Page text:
President Obama's New Frontiers: Alaska, Selfies

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By Kristin Donnelly and Chris Jansing

ANCHORAGE, Alaska — President Obama isn’t just traveling to places no president has gone before, he’s doing things no president has done before when it comes to technology and social media, as he hopes to get his message out on climate change.

The president visited the remote villages of Dillingham and Kotzebue in Alaska for the first time Wednesday, but also posting an online travelogue of his journey and used a GoPro to shoot it himself, selfie style.

President Barack Obama holds up a fish while visiting with Commercial and Subsistence Fishers Alannah Hurley, left, and Kim Williams, center, on Kanakanak Beach, Wednesday, Sept. 2, 2015, in Dillingham, Alaska.Andrew Harnik / AP

“Hi, everybody, we’re at Kenai Fjords National Glacier Park,” he says direct to camera, with about 20 people in the background. “Behind me is one of the most visited glaciers in Alaska, and it is spectacular.”

The president writes in a post on Medium that he “did his best to do the place justice, when the team handed over the camera.”

He’s also taken over the White House Instagram feed, posting only photos he takes himself, like a selfie with reality TV star Bear Grylls.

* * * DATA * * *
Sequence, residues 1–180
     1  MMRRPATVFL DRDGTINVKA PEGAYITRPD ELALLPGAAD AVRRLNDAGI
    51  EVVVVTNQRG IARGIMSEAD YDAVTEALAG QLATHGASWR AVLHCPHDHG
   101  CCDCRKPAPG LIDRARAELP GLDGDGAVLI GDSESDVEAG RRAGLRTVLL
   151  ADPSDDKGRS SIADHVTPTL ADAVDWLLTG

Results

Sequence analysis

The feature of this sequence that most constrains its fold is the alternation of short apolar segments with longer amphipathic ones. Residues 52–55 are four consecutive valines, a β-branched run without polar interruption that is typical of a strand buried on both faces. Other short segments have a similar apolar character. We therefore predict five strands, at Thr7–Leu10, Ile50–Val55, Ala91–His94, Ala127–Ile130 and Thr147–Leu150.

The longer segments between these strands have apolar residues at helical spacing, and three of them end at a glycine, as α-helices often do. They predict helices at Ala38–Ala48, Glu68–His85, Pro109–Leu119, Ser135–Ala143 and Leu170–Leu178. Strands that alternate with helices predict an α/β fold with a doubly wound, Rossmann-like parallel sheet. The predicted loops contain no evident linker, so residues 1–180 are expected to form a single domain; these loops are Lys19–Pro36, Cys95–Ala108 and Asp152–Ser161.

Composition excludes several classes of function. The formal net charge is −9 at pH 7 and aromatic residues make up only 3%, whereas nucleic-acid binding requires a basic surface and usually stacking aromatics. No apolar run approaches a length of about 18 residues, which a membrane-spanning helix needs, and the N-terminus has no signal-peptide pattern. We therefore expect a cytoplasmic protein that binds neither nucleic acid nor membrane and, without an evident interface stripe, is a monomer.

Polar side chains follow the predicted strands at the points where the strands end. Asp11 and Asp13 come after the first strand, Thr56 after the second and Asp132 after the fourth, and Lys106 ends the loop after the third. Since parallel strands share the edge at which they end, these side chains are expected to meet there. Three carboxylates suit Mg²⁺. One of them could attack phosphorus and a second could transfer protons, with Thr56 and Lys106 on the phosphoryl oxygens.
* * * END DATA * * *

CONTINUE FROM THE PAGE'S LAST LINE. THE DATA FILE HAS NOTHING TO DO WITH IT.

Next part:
It’s President Obama unleashed — relishing his final 15 months in office as a chance to tick off items from his policy to do list and bucket list at the same time.

But using social media, like Twitter and Instragram also give the White House the ability to control exactly what the public sees, and during this trip, it was some of the unscripted moments captured by television cameras that were the most memorable.

Wednesday during a stop at Kanakanak beach in Dillingham, Alaska, the president met two fisherman, pulled on a pair of orange rubber gloves and held up a giant salmon and, right after, there was an accident of sorts.

"Uh oh, something got on my shoes," the president said, "He was spawning a little bit, which generally you don't want fish spawning on your feet, he said he was happy to see me."

Later he asked the Secret Service for a knife to help filet a fish. And then, at a stop at Dillingham Middle School, he got up to join children in a dance, joking that he’d been practicing.

For a president with legacy building on his mind, it was a chance to break out of the constraints of Washington, D.C., and look to the future.